internal benchmarks (see intel.com's CPU selector) is optimized strictly for the
best lightest laptops and (the slower versions) for cheap consumer systems, for
As for memory usage: A modern CAD program, which does not recognize 64-bit
addressing can still run 4GB of real address space and 50 GB of virtual address
space, leaving the need to swap large amounts of data on and off the disk if
that's all the memory that is available.
Right now with only 1 gig in the system, running a single hyperthreaded
P4, I'm down to 416 MB available real memory, but 1.9GB of available virtual
memory. If I start running more than just a browser, a couple of mail apps, and
2-3 doz background aps, I'll still have another 1.9 GB of virtual memory after
my swapping file expands.
What happens if I have 64-bit flat addressing and 10 GB of memory and
I'm running a CAD program that is familliar with the concept of only 4 GB? Well,
when it goes to swap, the OS swaps it to RAM rather than a disk, if there's
When we talk swapping to RAM, we're talking nano- and micro-seconds.
When we swap to disk we're talking about milliseconds. Fewer with a faster disk,
but always milliseconds. And by definition, each millisecond is 1000
The Top-of-the-line P4 is the best available, and the 64-bit flat
system, thanks to AMD and the software vendors want, is what we're getting,
rather than a switch to the new instruction set of Itanium - an instruction set
laid down in the 1970s.
VHS beats Beta again, despite the inherant superiority of the
less-popular product. Software availability did in the Alpha, the I432 and other
projexcts too far ahead of their times too. The required backward compatability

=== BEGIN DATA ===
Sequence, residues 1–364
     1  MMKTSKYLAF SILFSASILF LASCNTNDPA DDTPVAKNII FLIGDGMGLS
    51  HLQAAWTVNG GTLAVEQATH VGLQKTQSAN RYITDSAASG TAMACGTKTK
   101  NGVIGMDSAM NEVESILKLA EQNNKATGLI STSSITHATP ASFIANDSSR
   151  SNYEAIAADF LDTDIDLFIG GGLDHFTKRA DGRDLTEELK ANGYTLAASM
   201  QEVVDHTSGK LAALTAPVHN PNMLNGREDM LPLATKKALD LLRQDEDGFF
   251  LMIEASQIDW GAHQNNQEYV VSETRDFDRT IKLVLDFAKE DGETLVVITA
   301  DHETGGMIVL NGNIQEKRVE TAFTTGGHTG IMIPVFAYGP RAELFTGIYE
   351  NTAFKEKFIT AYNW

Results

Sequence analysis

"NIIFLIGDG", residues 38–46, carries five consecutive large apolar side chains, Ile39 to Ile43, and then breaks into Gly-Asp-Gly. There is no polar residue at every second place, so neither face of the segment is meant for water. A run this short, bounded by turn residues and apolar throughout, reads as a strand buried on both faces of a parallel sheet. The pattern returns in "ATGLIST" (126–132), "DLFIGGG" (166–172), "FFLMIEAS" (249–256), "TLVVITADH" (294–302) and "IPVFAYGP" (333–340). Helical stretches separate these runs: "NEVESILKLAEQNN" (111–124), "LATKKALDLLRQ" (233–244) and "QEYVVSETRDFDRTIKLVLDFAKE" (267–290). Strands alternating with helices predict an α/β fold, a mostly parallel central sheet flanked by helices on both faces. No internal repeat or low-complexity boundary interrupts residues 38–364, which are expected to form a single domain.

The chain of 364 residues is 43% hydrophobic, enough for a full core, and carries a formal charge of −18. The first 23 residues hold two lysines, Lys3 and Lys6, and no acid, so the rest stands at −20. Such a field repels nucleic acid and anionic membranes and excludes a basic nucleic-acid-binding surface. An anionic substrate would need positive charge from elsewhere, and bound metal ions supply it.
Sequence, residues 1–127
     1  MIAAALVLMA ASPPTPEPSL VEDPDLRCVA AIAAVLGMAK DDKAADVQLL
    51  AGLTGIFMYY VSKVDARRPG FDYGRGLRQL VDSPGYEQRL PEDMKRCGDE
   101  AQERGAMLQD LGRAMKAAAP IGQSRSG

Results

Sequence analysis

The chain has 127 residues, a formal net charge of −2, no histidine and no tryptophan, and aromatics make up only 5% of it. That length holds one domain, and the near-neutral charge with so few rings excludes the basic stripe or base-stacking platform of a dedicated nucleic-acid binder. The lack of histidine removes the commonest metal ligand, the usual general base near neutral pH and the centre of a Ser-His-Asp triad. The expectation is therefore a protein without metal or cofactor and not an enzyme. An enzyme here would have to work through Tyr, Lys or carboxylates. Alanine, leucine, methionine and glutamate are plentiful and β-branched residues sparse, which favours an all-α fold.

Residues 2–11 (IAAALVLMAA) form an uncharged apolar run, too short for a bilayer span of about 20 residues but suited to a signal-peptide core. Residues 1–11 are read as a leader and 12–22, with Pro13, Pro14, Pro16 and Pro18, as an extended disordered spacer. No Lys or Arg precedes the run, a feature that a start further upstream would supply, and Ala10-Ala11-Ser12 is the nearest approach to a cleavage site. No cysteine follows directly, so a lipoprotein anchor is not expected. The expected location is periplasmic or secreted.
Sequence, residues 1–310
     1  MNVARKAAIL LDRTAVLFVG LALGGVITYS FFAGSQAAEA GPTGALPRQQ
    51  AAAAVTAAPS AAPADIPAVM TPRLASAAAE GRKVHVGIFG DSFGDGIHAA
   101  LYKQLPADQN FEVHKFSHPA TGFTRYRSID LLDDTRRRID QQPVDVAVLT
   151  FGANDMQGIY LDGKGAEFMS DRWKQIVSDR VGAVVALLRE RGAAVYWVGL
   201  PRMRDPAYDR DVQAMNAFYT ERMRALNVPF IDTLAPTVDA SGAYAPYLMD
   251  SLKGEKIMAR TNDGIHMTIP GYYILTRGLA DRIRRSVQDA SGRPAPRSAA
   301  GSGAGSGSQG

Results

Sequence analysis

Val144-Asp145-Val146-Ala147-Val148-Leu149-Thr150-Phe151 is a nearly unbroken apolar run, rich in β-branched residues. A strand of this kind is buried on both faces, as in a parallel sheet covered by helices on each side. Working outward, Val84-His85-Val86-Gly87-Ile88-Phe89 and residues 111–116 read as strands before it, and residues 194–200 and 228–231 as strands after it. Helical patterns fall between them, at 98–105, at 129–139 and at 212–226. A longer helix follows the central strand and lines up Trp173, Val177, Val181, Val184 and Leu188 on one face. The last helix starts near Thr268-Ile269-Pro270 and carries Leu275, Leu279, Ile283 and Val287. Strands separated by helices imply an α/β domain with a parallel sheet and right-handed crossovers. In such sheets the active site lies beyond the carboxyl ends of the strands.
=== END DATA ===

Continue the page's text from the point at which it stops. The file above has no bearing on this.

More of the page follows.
requirements that COBOL legasy programs *still* run is slowing the speed of
IBM's Big Metal, and led to the design of the VAX as a stretched PDP-11 rather
than a new machine.
But the votes have been made, and an investment in the top chip/955
chipset combinstion will NOT go "obsolete" for the next 4 Moore Cycles if
there's enough room for more memory on the PCB (1 Moore Cycle months, Intel's
founder's prediction of the time it takes to double the number of transistors on
Yes, the newer the product, the faster it "seems" to get old, But a year
after I installed it, my Second Hottest Intel Chipset has only slipped to Third
(the 945 is a loser for low-cost 64-bit gaming machines)
Yeh, check the manufacturer's recommendations, but some of D's other
ideas about machine design are just incorrect.
OK JACK - back to the beginning:
1) You cannot get a Pentium M except in a laptop, that's what they were made
for, and some peculiar off-branded boards.
2) Our Cad-Cam guy doesn't WANT a laptop! He wants a Jesus H. Christ That's Fast
Cad machine, perhaps with multitasking.
3) NOBODY has any benchmarks showing Pentium-M/Centrino is faster than Prescott
and Northwood running CAD apps! Hell, when the batteries drop low, the Pentium-M
automatically cuts speed in HALF just to keep things alive - M stands for MOBILE
and I love my little 1.5GHz P4-M in my IBM Thinkpad. It does JUST what I want a
laptop to do! But:
4) reread, carefully, our original request on how-to-build an Over the Top
Cad-Cam system (mostly 2-d, w/some 3d) for landscape engineering! NOT a laptop.
Suggest upping your dose for your handle-condition, might help.
Here's something I clipped from the original post:
" I received a list of minimum and
recommended specifications for a notebook computer required to take
What were you reading/smoking when you read that?
If he wants the fastest way to do landscape engrg he shouldn't be
using Autocad anyway - he should be using Terramodel. Try building a
terrain model with several thousand elevation points in acad and watch
Happy Trails To You